Meanwhile, even 20th century rates of population growth do not appear to be sufficient to save us from the squeeze created by diminishing returns. In their much-discussed paper “Are Ideas Getting Harder to Find?”, Nicholas Bloom, Charles Jones, John van Reenen, and Michael Webb estimate that total U.S. research effort (the number of full-time-equivalent workers engaged in R&D) rose by around 4 percent a year between the 1930s and the 2000s – but that the productivity of research effort was declining by more than 5 percent a year. Hence, even with a huge run-up in the number of scientists, researchers, and engineers, productivity growth fell over the course of the 20th century. And since U.S. population was growing just a little more than 1 percent a year during this time, the 4 percent annual increase in research effort reflected a progressive – and ultimately unsustainable – mobilization of labor into innovative activity. Accordingly, even if global population growth continued as before, we would still sooner or later hit a ceiling where we can no longer increase the share of our workforce engaged in innovative activity. The real significance of the slowdown and possible end or reversal of population growth is that it accelerates the timetable for hitting this ceiling.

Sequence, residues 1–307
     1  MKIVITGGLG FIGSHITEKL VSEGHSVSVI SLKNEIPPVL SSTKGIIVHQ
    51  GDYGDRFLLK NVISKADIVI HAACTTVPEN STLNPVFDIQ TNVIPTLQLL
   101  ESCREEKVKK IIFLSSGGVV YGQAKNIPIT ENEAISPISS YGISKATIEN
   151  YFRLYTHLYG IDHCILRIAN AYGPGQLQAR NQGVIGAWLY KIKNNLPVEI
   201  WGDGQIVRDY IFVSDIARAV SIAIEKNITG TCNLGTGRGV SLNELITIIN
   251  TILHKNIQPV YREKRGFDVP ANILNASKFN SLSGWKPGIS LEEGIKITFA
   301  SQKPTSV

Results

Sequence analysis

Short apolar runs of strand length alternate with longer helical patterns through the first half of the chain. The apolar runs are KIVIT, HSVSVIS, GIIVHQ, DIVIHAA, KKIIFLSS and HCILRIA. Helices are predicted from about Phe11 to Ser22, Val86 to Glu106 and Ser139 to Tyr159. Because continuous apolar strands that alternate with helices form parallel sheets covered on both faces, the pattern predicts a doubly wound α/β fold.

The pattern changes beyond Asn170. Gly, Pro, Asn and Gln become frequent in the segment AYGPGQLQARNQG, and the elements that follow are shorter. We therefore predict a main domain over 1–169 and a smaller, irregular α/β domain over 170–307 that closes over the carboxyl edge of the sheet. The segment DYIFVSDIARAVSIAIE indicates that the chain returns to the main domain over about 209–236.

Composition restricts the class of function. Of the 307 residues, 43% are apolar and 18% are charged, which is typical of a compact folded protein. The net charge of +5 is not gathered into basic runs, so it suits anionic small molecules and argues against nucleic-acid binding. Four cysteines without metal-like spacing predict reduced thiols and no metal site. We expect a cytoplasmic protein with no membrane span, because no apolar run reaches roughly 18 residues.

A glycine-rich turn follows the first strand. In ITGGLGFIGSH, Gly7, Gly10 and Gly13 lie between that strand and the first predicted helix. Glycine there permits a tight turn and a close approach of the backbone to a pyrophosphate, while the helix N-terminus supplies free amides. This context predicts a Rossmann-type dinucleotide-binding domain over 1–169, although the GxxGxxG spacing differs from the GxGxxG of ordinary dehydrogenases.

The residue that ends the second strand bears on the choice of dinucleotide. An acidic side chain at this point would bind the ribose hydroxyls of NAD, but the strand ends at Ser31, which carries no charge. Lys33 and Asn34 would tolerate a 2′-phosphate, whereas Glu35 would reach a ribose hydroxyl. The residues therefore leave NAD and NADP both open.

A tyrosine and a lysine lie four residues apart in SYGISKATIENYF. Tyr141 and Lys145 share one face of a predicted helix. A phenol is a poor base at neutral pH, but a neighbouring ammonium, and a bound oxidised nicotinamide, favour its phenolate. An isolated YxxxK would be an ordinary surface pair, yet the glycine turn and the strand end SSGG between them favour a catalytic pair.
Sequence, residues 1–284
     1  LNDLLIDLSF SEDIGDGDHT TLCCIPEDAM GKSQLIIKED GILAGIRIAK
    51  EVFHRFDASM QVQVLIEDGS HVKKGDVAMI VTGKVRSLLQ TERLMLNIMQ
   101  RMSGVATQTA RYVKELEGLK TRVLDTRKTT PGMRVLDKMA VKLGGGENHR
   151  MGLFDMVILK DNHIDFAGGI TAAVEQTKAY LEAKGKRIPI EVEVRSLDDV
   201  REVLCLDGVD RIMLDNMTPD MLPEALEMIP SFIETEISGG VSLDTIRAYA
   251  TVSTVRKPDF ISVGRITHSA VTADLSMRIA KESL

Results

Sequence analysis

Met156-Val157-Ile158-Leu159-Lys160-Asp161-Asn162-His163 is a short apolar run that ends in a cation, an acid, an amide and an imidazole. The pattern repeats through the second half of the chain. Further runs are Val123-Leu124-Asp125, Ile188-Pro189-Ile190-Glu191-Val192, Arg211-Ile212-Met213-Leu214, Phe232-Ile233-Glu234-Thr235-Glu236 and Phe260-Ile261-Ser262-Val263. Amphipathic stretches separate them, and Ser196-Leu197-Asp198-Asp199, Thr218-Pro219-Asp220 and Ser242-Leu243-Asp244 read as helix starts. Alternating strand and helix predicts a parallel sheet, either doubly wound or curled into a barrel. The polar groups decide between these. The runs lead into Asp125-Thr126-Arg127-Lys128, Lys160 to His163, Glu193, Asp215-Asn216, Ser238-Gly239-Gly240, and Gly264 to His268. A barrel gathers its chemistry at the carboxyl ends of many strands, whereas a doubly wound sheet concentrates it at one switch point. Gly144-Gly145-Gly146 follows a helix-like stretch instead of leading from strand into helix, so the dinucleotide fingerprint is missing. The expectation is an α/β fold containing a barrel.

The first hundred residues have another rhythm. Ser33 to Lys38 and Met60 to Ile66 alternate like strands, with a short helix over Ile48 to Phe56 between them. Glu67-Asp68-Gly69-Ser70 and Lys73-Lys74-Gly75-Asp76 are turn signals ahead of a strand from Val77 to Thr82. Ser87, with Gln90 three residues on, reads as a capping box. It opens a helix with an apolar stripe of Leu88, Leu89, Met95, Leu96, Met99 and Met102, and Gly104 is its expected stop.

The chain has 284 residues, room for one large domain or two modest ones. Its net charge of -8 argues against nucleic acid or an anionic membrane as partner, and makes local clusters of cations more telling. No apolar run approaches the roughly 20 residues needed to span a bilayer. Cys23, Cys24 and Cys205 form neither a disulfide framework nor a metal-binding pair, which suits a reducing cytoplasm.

OK, so let’s call off the search for possible ways to keep population growth going and squarely face the issue: Does the fact of diminishing returns mean that technological progress is ultimately doomed? And remember, because of low fertility, the stagnation that is gaining on us is closer than it appears.
I see one possibility for deliverance by another deus ex machina, as well as a number of stopgaps to forestall the coming of stagnation while we await our technological miracle. Let’s start with a look at the stopgaps.
First, innovation to date has depended overwhelmingly on progress made in the United States and other rich countries. To maintain the global intensification of research effort needed to keep innovation rolling, we will need the rest of the world – China, India, and especially Africa, as that is where most future population growth will be concentrated – to up their game and contribute more to technological advance.
Recognizing, though, that the leading countries will continue to lead, it is important that they continue to grow through immigration. The world’s centers of innovative activity can continue to enjoy sprightly population growth for a long time even in the face of a shrinking global population. Again, though, simply throwing open the borders isn’t enough: A concerted effort must be made to integrate new arrivals into social and economic life and ensure they are making contributions at the highest levels. If such integration could be mastered, ongoing migration could concentrate the world’s population in its most productive places while allowing extensive re-wilding elsewhere.